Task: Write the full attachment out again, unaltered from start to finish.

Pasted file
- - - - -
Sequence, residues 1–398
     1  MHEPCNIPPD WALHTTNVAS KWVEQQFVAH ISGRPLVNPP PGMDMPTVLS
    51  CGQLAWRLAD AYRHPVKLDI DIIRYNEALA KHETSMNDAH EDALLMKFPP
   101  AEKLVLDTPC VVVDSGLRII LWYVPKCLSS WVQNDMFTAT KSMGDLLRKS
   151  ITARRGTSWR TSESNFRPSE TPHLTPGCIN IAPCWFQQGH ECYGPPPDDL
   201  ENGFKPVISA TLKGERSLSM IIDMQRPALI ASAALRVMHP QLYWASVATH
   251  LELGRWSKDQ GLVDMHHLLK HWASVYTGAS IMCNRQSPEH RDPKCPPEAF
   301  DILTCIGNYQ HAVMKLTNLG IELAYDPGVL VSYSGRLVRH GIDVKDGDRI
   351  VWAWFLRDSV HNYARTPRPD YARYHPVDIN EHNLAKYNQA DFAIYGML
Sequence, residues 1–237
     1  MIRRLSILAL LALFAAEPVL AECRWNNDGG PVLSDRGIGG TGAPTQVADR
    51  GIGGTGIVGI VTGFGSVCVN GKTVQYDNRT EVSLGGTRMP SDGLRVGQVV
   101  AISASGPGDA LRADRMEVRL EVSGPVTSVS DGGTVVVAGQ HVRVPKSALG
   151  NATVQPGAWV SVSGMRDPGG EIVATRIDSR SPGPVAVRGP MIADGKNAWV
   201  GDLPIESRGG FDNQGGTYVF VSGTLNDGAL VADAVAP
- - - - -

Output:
Sequence, residues 1–398
     1  MHEPCNIPPD WALHTTNVAS KWVEQQFVAH ISGRPLVNPP PGMDMPTVLS
    51  CGQLAWRLAD AYRHPVKLDI DIIRYNEALA KHETSMNDAH EDALLMKFPP
   101  AEKLVLDTPC VVVDSGLRII LWYVPKCLSS WVQNDMFTAT KSMGDLLRKS
   151  ITARRGTSWR TSESNFRPSE TPHLTPGCIN IAPCWFQQGH ECYGPPPDDL
   201  ENGFKPVISA TLKGERSLSM IIDMQRPALI ASAALRVMHP QLYWASVATH
   251  LELGRWSKDQ GLVDMHHLLK HWASVYTGAS IMCNRQSPEH RDPKCPPEAF
   301  DILTCIGNYQ HAVMKLTNLG IELAYDPGVL VSYSGRLVRH GIDVKDGDRI
   351  VWAWFLRDSV HNYARTPRPD YARYHPVDIN EHNLAKYNQA DFAIYGML
Sequence, residues 1–237
     1  MIRRLSILAL LALFAAEPVL AECRWNNDGG PVLSDRGIGG TGAPTQVADR
    51  GIGGTGIVGI VTGFGSVCVN GKTVQYDNRT EVSLGGTRMP SDGLRVGQVV
   101  AISASGPGDA LRADRMEVRL EVSGPVTSVS DGGTVVVAGQ HVRVPKSALG
   151  NATVQPGAWV SVSGMRDPGG EIVATRIDSR SPGPVAVRGP MIADGKNAWV
   201  GDLPIESRGG FDNQGGTYVF VSGTLNDGAL VADAVAP